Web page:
* – An Ojibwe word meaning “to hit”. Note that Wikipedia‘s translation of “bump hips” is incorrect – that’s the translation of the Onondaga word for lacrosse. Thanks to Ryan Zunner for helping me get this right!

It went on for a while until the ball was thrown through the open gate of the Fort, and at that point the game changed dramatically. As the players ran into the Fort after the ball, the Native women pulled out the guns, knives, and tomahawks they had been hiding under their blankets. The players dropped their sticks and grabbed the weapons. There are lacrosse fights, and then there are lacrosse fights. Geoff Snider and Tim O’Brien had nothing on these guys, and when it was over, most of the British soldiers were dead (though not the French-Canadians who were still there). The Ojibwe took over control of Fort Michilimackinac and held control for a year.

The Ojibwe really had no interest in the Fort itself, they just wanted the British out and they staged the deadliest game of lacrosse ever played to do it. A year later the British reclaimed the Fort with no bloodshed, promising more gifts to the Ojibwe in exchange. They would later combine forces against their common enemy, the brand new United States of America.

"An Indian Ball-Play" by George Catlin


Stokes, Keith. (2015) Colonial Fort Michilimackinac. Retrieved from

Edwards, Lissa. (2010) Deadly Lacrosse Game in Mackinac Straits at Fort Michilimackinac in 1763. Retrieved from

Ojibwa. (2011) Lacrosse at Fort Michilimackinac. Retrieved from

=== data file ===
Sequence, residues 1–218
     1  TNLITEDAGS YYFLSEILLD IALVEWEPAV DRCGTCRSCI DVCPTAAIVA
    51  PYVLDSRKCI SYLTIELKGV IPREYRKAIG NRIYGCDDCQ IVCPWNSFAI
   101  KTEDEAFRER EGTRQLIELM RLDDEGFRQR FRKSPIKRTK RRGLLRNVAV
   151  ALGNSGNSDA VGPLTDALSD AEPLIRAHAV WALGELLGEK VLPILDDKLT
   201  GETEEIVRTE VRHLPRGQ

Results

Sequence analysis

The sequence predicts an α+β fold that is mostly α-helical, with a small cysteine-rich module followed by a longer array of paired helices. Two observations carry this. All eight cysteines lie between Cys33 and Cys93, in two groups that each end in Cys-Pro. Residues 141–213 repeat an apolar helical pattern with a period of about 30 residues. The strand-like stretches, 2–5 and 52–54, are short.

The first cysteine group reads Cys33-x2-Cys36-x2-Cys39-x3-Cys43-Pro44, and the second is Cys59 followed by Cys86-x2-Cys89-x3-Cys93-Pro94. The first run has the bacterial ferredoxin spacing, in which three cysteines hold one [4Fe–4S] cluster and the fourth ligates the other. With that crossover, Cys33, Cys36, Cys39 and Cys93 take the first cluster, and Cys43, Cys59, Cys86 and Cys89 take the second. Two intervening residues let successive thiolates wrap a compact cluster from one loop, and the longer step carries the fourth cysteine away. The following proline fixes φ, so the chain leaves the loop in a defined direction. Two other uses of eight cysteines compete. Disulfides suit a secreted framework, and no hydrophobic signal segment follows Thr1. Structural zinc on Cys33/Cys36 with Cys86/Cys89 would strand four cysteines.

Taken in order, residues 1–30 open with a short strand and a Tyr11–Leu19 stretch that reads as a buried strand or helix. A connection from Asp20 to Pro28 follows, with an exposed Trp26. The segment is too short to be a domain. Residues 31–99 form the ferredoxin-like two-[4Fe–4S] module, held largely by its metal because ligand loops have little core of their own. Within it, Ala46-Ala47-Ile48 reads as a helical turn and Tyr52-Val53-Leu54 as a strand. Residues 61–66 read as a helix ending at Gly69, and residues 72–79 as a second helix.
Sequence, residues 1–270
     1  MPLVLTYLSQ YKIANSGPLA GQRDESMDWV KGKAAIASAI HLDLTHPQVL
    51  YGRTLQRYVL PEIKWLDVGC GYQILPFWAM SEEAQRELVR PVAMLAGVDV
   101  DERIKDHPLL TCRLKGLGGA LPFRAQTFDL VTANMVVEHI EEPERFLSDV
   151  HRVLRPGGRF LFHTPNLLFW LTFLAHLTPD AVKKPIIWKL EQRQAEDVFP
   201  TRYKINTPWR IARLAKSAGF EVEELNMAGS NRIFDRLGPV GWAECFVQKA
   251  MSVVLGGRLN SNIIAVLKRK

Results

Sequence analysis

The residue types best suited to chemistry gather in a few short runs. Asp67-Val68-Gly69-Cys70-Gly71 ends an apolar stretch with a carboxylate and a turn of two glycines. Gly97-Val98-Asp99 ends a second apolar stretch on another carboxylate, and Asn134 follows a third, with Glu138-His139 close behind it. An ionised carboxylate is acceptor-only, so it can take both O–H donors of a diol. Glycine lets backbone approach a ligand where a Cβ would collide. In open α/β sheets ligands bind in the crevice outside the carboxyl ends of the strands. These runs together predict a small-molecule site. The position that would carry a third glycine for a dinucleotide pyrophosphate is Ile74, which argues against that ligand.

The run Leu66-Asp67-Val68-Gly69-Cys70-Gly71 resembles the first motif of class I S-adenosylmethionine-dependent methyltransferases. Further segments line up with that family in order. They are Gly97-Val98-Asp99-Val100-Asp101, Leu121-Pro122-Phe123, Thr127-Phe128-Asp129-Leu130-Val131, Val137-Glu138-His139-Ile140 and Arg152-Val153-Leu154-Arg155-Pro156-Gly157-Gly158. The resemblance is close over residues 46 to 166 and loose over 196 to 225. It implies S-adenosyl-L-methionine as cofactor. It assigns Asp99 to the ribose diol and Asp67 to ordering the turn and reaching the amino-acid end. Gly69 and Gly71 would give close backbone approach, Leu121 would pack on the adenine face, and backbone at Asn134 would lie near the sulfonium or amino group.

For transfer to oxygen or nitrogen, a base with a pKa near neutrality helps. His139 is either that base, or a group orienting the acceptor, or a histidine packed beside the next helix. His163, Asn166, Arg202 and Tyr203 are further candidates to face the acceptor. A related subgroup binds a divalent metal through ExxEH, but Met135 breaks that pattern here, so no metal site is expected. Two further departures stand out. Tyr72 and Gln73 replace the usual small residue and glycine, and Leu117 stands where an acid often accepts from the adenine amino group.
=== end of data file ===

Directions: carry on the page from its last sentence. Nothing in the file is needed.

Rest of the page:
Wikipedia. (2015) Fort Michilimackinac. Retrieved from

Six degrees of Kevin Buchanan

A recent conversation about how small the lacrosse world is got me thinking, and I came up with a fun game which I call “Six degrees of Kevin Buchanan”.

The idea is to pick two players A and B, and make a chain of players starting from A and ending with B. Every player in the chain must have played on the same team at the same time as the player before and after him. Unlike the Kevin Bacon game, you don’t actually have to include Kevin Buchanan – if that was the case, I might have picked Mat Giles (12 NLL teams) or Chris Panos (10) rather than Buchanan (5). But their names don’t sound nearly as much like “Kevin Bacon”.

I’ve stretched the rules a touch: if two players played for the same team in the same season, I’m calling that a link. This is only because I don’t have sufficiently accurate data so in some cases (anything before 2005) I don’t know if they actually both played on the same team at the same time – for all I know, one might have been traded for the other in a mid-season deal.